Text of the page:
Headachesville, right? So instead what I'll do is I'll just click Ball 03, I'll scroll up to the top of my Timeline, hold down Shift, select Ball 18, and I'll go ahead and move my Timeline indicator over just one frame. And I can do that using either the arrow keys or clicking and dragging so I'll just put it back to the front of the Timeline and just use the arrow keys and click once over so it's only one frame. And to save some time I'll go up to my menu here and I'll go to Split at Playhead, click on that, and what that does is it splits all of these into two different Layers and I can just go ahead and click and delete these multiple longer Layers that are way longer than one frame.
And it's just a bit faster than clicking and dragging each and every one of these. So now all I'm going to do is take these and distribute them along the Timeline, frame by frame, and then I'll scroll to the bottom and I'll bring my floor so it's just about the same amount of frames as the top here and I can actually do this by going ahead and closing the work area to the amount of frames I have which is 18 and then dragging the floor to match.
Okay, I'm going to close this up a little bit, drag it close, hit Command Plus ( ) so this is a little bigger. And now if I hit the Play button, oh yeah, we've got a bouncy ball with one little error going on right towards the beginning. So right here, what we're seeing, that little glitch sometimes happens when it's trying to render and preview the animation. So a lot of times you can solve that by either just slowly moving over this frame by frame to see your animation or by turning an eyeball off of a Layer and back on where that animation or glitch is happening.
All right, so now if we preview this we've got a little, loopy ball animation, jumping in the air, trying to be a square but not. To finish up this video, just to organize things a little bit more, I'm going to create a new folder in my Layer window by going down and clicking on the folder icon down here. It's going to make a new Group, I'm going to double click on that and name it Bouncy Ball. I'll go ahead and move this all the way to the top of my Layer window, then select Ball 18, hold down Shift, scroll down to select all the way to Ball one, so I select all these Layers then I can click, and drag, and drop this into Bouncy Ball and close that up.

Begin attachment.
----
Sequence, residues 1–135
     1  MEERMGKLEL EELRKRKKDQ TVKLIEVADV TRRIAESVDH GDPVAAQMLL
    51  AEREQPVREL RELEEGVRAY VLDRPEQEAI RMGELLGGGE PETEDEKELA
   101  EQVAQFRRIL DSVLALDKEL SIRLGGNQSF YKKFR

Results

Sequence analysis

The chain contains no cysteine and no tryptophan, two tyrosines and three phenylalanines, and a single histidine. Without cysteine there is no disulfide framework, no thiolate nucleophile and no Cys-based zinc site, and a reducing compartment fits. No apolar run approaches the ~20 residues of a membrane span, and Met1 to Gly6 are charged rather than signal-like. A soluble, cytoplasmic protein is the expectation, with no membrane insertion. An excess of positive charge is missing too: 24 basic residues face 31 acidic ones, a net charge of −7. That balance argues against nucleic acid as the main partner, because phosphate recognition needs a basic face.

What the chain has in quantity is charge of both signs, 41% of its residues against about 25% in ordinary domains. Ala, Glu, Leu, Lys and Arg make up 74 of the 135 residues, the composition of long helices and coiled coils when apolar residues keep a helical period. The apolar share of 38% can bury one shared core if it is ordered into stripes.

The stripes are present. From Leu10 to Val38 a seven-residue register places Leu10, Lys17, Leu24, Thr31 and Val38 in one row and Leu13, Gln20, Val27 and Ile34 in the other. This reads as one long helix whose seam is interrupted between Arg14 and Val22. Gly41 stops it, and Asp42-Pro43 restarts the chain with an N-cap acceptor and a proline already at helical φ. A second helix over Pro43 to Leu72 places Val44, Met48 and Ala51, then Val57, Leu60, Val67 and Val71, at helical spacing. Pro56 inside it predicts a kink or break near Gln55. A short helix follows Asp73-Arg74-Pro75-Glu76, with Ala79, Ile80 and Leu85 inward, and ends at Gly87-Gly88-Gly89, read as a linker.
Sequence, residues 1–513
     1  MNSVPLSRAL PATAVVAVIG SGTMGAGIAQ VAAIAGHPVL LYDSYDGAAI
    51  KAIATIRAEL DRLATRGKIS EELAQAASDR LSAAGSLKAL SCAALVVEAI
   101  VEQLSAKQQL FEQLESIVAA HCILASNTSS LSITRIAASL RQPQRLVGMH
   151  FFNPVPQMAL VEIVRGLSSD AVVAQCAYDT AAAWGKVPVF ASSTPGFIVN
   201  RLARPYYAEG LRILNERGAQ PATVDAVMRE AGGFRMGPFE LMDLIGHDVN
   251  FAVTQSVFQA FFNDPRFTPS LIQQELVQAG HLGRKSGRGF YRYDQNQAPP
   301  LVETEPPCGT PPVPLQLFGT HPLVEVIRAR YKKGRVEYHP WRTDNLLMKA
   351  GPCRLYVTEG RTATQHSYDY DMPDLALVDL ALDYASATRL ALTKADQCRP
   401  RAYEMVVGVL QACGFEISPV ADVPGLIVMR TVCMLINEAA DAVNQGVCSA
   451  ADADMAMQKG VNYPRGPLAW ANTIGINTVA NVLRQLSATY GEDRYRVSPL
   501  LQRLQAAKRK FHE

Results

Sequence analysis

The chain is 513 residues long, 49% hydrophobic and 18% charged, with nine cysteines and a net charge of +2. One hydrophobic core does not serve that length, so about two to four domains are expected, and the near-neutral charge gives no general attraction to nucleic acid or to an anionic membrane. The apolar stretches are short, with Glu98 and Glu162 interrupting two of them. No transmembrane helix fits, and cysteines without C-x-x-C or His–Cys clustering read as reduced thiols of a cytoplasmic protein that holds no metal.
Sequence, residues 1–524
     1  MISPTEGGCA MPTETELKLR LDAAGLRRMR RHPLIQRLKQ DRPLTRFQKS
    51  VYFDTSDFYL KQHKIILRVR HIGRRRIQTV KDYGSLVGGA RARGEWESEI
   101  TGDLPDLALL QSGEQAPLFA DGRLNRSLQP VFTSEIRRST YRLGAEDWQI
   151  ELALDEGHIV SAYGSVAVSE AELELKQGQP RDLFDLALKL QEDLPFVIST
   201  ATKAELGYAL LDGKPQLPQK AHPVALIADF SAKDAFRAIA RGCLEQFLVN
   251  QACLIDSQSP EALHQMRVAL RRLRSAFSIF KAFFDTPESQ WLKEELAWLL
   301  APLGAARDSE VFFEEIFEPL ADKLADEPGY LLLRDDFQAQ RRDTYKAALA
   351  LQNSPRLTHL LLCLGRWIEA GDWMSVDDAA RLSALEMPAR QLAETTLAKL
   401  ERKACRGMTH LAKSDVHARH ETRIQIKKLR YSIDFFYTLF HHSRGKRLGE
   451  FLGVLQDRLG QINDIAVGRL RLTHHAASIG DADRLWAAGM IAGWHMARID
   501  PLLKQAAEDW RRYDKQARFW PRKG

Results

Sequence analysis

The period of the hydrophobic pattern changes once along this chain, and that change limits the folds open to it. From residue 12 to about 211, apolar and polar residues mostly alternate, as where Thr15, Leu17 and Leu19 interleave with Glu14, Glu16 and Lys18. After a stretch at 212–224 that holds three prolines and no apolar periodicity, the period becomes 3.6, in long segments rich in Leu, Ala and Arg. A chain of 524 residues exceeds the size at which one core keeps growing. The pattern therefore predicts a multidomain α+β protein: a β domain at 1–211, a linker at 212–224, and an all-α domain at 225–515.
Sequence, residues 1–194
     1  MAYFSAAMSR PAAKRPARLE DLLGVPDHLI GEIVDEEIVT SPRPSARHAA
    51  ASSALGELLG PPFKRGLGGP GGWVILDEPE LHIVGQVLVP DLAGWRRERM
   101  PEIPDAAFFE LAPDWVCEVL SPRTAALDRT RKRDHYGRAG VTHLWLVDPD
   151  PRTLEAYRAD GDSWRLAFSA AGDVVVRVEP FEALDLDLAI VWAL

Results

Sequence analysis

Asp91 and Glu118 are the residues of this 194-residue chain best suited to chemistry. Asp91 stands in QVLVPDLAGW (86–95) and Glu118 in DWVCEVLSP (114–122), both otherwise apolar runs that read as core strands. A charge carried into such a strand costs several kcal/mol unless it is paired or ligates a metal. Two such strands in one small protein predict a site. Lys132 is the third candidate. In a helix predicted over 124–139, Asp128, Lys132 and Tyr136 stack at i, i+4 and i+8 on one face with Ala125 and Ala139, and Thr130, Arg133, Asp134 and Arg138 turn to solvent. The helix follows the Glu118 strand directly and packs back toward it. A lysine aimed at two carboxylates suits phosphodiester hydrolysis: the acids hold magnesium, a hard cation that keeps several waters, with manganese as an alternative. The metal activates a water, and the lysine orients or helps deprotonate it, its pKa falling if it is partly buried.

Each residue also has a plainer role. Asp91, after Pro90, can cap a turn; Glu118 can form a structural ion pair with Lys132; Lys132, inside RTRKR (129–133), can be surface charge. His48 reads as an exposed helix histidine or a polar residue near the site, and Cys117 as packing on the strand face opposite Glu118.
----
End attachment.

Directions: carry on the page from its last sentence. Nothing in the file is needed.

And if you notice, our Timeline is a lot neater, a lot simpler, and if we want to look at these different Layers and animate or change them we just have to twirl this open and we can move these around, or redraw, or reposition, or retime as needed. And there we have our first bit of looping animation, a bouncy ball that desperately wants to be square.
- Working with the Photoshop Timeline panel and video layers
- Animating frame by frame in Photoshop
- Exporting animation and other media types to animated GIFs
- Preparing After Effects animation loops for Photoshop